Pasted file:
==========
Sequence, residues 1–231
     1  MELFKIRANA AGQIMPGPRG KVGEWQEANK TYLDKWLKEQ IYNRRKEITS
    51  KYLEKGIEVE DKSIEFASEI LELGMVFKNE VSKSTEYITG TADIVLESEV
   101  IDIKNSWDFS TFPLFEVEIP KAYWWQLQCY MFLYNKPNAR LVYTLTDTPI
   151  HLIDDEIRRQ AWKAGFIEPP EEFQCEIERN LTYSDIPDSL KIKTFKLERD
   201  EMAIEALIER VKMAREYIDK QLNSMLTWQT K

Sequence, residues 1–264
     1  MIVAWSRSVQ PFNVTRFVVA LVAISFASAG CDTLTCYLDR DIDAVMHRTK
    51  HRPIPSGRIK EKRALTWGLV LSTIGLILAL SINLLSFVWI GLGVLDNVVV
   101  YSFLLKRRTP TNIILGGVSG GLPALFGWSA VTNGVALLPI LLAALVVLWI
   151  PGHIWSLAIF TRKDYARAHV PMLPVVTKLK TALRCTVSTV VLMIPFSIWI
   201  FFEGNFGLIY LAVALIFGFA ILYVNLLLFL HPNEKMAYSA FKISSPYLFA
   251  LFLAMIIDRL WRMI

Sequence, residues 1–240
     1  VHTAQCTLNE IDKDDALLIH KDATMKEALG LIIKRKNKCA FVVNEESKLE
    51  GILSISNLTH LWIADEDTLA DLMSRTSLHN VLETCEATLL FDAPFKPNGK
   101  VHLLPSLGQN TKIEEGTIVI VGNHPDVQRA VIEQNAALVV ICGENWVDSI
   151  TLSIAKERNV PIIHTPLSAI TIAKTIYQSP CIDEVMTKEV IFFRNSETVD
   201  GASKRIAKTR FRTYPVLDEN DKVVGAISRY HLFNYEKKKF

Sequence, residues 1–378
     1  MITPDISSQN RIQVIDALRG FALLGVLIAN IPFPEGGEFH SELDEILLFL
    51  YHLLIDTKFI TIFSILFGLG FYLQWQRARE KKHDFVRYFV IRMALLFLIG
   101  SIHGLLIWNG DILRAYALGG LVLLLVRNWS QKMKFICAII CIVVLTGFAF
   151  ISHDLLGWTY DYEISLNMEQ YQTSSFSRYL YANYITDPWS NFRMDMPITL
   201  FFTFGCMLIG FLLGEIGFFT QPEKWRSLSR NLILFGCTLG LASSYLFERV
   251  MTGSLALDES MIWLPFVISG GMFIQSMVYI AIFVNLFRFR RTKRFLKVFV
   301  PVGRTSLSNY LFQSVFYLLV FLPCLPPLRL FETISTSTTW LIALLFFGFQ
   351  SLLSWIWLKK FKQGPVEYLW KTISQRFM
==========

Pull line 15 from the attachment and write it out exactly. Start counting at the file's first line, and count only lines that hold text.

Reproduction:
     1  VHTAQCTLNE IDKDDALLIH KDATMKEALG LIIKRKNKCA FVVNEESKLE